(USDA/NRCS) — USDA’s Natural Resources Conservation Service (NRCS) announced that it is investing $1 in Alabama for a partner-driven conservation project through its Regional Conservation Partnership Program (RCPP). NRCS will leverage $1,000,235 in partner contributions in Alabama.
“I’m excited to announce the first RCPP awards under the 2018 Farm Bill,” said Ben Malone, State Conservationist in Alabama. “Through collaboration and aligning our resources toward a common goal, we’re making an impact for natural resource conservation that could never have been realized on our own.”
RCPP uses a partner-driven approach to fund innovative solutions to natural resource challenges. Through RCPP, NRCS and partners work together with private landowners and producers to implement a variety of conservation activities, including land management practices and systems, short-term land rentals, conservation easements and watershed structures. The mix of conservation activities carried out under each project is dependent on a project’s goals, objectives and conservation benefits.
These projects offer impactful and measurable outcomes. They will support diverse agricultural and natural resource objectives, from helping farmers and ranchers improve water quality, by reduction of nutrients and sediment and thus protecting drinking water supplies and enhancing wildlife habitat.
In Alabama, The Nature Conservancy plans to reduce sedimentation, toxic pollution, nutrient runoff and other stresses within several waterbodies in the Black Warrior watersheds. Implementing streambank restoration practices along these targeted waterbodies will improve water quality for both unique aquatic biota and public water supply; reduce property loss for agricultural producers who own property along these waterways; and support the multi-partner goal of protecting Strategic Habitat Units (SHUs) in the state of Alabama.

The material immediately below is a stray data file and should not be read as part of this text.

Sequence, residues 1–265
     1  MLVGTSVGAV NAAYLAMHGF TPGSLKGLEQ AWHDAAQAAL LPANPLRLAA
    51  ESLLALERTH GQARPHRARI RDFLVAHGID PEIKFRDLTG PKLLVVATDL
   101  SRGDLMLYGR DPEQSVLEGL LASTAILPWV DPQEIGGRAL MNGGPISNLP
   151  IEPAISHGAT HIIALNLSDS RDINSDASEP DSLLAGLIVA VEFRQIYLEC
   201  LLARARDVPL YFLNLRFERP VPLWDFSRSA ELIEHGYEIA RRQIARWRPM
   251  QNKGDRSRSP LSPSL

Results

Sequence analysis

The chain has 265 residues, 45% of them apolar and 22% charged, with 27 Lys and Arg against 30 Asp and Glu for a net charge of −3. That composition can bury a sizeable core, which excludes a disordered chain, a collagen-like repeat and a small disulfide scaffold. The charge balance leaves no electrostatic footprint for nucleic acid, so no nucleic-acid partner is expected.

Nationally, NRCS is investing $206 million for 48 partner-driven conservation projects across 29 states, while leveraging nearly $300 million in partner contributions.
Though RCPP was first authorized in the 2014 Farm Bill, the 2018 Farm Bill made changes to strengthen the program and simplify its rules. RCPP is now a stand-alone program with $300 million annually available for partner-driven projects. In addition to the general RCPP projects announced today, NRCS has already awarded more than $50 million for 18 renewals of 2014 Farm Bill projects. A separate RCPP Alternative Funding Arrangements (AFA) funding announcement is currently open until May 18, 2020.
Since 2015, RCPP has combined $1 billion in NRCS investments with close to $2 billion in partner dollars to implement conservation practices nationwide. There are currently 341 active RCPP projects and close to 2,000RCPPpartners.
Read more about the Regional Conservation Partnership Program.
Source: USDA/Natural Resources Conservation Service